Gerry says that, because it is a charter city, it would have required an election to change the system. In the alternative, a court action would and did accomplish the same result. It takes an attorney to file such an action, but, if the case law is as clear as Gerry says ("at-large elections are inherently discriminatory"), then the case must have not been settled quickly, keeping plaintiffs' legal fees low, but hard fought by the City, driving up those fees which the losing party would eventually have to pay, apparently, under the Voting Rights statute.

Thus, it was the City itself that drove the costs up, perhaps because the law might have not been so clear when the case was filed or perhaps because the City Council had a vested interest in keeping things the way they were, If the former, then other charter cities may benefit by coming to see a quick court settlement is the way to achieve the Legislative goal of the statute, which is fair representation, so it is not wasted money.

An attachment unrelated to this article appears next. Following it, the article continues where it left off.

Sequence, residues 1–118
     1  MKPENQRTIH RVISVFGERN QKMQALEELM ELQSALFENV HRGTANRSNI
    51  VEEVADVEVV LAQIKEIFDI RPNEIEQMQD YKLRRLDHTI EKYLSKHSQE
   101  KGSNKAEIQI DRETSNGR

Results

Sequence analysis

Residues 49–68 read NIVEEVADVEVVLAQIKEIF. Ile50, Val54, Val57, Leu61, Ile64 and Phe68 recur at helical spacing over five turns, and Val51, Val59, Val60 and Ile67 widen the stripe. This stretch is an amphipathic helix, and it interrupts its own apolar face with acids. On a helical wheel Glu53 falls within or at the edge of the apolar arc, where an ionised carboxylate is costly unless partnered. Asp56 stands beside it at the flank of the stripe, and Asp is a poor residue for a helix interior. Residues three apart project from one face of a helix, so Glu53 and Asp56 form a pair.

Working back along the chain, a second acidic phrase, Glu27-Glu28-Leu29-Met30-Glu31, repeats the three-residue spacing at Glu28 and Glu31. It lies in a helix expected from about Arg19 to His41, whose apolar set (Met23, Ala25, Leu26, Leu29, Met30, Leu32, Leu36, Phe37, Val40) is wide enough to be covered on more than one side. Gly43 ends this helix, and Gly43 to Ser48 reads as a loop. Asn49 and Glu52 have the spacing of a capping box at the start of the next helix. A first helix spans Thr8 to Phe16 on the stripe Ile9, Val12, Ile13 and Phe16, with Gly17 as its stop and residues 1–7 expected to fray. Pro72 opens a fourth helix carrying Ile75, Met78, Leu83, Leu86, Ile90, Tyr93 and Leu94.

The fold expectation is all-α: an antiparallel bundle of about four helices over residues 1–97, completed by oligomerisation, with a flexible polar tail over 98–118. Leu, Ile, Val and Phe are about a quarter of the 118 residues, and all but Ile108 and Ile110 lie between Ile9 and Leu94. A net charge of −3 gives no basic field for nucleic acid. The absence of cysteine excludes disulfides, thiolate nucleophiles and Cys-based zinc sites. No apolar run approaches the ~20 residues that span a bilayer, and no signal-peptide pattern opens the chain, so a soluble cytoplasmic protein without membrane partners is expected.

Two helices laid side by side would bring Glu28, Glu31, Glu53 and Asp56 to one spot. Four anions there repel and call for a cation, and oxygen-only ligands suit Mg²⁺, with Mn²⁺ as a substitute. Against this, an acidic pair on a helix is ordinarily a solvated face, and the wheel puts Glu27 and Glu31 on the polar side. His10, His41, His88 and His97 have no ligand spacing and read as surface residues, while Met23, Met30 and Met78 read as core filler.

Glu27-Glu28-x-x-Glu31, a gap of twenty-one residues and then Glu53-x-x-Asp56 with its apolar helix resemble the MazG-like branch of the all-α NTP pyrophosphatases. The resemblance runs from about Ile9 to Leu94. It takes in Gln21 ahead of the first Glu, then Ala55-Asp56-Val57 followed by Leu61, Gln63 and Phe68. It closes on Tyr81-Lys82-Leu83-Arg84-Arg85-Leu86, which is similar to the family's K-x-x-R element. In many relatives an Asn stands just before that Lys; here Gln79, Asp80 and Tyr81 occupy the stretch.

If the latter, then it wasn't the plaintiffs or their lawyer who forced up the ante to an amount to which Gerry and most commenters object.

There may be advantages or disadvantages to making a statutory change in the rules which govern charter cities, which Gerry might discuss in a follow-up op-ed. If a legislative change means disadvantage, then using the court to obtain a just result would be the most attractive way to achieve the purpose. Right now, it appears to be the best way -- considering the cost of an election campaign, which is the current alternative.

On California Voting Rights Act Should Not Be a Gift to Lawyers

Posted on August 21 at 7:21 a.m.

It's been a long haul for Crown Castle. But the standards for review are high, as they should be, keeping Santa Barbara beautiful, so it required some negotiation to arrive at the final result. Contrary to statements by opponents, the cell reception served by these devices is terrible -- a cell phone dead zone -- and my family and our neighbors look forward to life without dropped calls. Still, it is a pity that only one oligopolist, Verizon, will use the new system, when competition (and less expensive, higher quality service) would be better served if the entire small hand full of wireless providers had been able to joint venture and then use the new antennae system for all their customers.